Proxy Advisory Firms And The ESG Risk


Warren Buffett presciently noted that “only when the tide goes out do you discover who’s been swimming naked.” The Dow, S&P 500, and Nasdaq are all now in bear market territory, so the tide has undoubtedly receded. And true to Mr. Buffett’s wisdom, the unsustainability of many fashionable investment trends during the long bull market are at long last being revealed. The Environmental, Social, and Governance (ESG) trend tops the list.

Many prominent Wall Street banks are major cheerleaders for ESG, but such support is not surprising. ESG enables portfolio managers to sell investments that are virtually the same as other broad-based index funds yet charge fees that are multiples higher. However, these investment portfolios face a strict market test over the long-term – should ESG not provide stronger financial returns, as is likely, these funds will suffer financial outflows and eventually close.

A less well-known, but potentially more damaging advocate of ESG, are proxy advisory firms. Proxy advisory firms help institutional investors manage the herculean task that arises due to the requirement (or belief that they are required) to vote on all proxy measures at shareholder meetings. Proxy advisory firms do the legwork and advise institutional investors on how to vote on the thousands of shareholder resolutions that arise every year. The two largest firms (ISS and Glass Lewis) control 97 percent of the proxy advisory market – effectively, the proxy advisory market is controlled by a duopoly.

Numerous ESG programs are raised via these shareholder proposals that include requirements to report the company’s greenhouse gas emissions or implement diversity plans. According to Katten Capital Markets, ESG proposals are growing and received a record level of support in 2021 “reaching 36.3 percent across all ESG categories”. These included 105 environmental proposals and 133 social proposals.

Corporate ESG programs enhance shareholder value if they reflect consumers’ desires or enhance worker productivity. Implementing these programs helps companies efficiently provide customers with the products they desire in the manner they want it produced. Theoretically, such ESG proxy measures warrant support, but they are also unnecessary. Implementing programs that enhance corporate profits is the age-old guiding principle for corporate management and no new ESG management principles are required to achieve these ends.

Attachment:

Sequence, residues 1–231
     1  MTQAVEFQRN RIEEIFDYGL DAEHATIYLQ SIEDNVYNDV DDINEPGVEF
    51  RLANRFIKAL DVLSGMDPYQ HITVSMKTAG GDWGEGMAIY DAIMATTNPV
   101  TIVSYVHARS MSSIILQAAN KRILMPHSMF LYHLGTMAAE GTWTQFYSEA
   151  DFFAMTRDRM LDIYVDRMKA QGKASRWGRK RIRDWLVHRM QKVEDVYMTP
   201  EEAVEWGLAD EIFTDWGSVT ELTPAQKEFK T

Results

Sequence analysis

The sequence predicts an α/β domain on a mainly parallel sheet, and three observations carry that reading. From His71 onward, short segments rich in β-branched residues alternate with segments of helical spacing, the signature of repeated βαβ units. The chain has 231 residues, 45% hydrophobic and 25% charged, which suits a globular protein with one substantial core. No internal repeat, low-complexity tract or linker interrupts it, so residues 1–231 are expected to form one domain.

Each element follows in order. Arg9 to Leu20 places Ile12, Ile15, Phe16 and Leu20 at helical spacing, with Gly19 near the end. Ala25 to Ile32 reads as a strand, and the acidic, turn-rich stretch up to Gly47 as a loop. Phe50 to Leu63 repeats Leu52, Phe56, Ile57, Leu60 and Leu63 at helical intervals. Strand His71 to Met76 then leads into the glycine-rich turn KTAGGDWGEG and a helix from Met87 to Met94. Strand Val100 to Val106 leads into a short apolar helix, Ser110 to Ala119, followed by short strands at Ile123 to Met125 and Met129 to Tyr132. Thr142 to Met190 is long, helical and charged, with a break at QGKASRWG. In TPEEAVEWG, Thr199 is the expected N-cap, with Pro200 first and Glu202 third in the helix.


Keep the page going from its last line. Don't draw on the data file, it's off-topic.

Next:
Therefore, ESG as a management paradigm is only necessary when the proposed ESG programs are financially harmful to the company – the company would not adopt the program without explicit pressure from ESG advocates. Implementing programs that reduce profitability is a serious violation of management’s fiduciary responsibility.

Several studies document that ESG-related proxy measures typically harm financial returns. One study in the Journal of Financial Economics examined the impact from activist public pension funds on the market values of a sample of Fortune 500 companies finding that increased activism by public pension funds is negatively correlated with stock returns. Further, the firms receiving proposals from activist public pension funds promoting social agendas were valued 14 percent lower than similar companies without such agendas.

The oft-claimed response to the above is that shareholders voted for the proxy measures, therefore the corporation is simply listening to the desires of its owners. Such claims are incorrect, however, because the majority of “shareholders” voting on these proxies are institutional investors that generally vote the recommendations from ISS and Glass Lewis – a practice referred to as robo-voting.

Robo-voting ESG issues is problematic because both proxy advisory firms also provide ESG consulting services to corporations. Since proxy advisory firms also provide ESG services, they suffer from a clear bias in support of ESG initiatives. Essentially, the two firms that advocate for ESG services and profit from ESG activities also advise shareholders how to vote on ESG proxy measures.

Moreover, the two major proxy advisory firms establish their ESG position without adequate transparency and using a one-sized fits all approach. In reality, these programs can be detrimental for many individual companies. For instance, when examining the influence of the proxy advisory firms, the American Council for Capital Formation concluded that the ESG recommendations from the proxy advisory firms particularly “disadvantages small and mid-sized companies, in favor of larger companies that have the resources to comply”.

While particularly burdensome for the smaller and mid-size public companies, the negative impacts touch the entire market too. A study by the Manhattan Institute found that public pension shareholder activism pushed by proxy advisory firms negatively impact share value.

Despite the rhetoric, ESG programs are typically detrimental to corporate performance and rarely achieve their lofty aims. Consequently, the proxy advisory firms’ predisposition to view these programs positively creates long-term risks for companies that, if not reversed, will persist long after the current bear markets have run their course.

Nothing contained in this blog is to be construed as necessarily reflecting the views of the Pacific Research Institute or as an attempt to thwart or aid the passage of any legislation.

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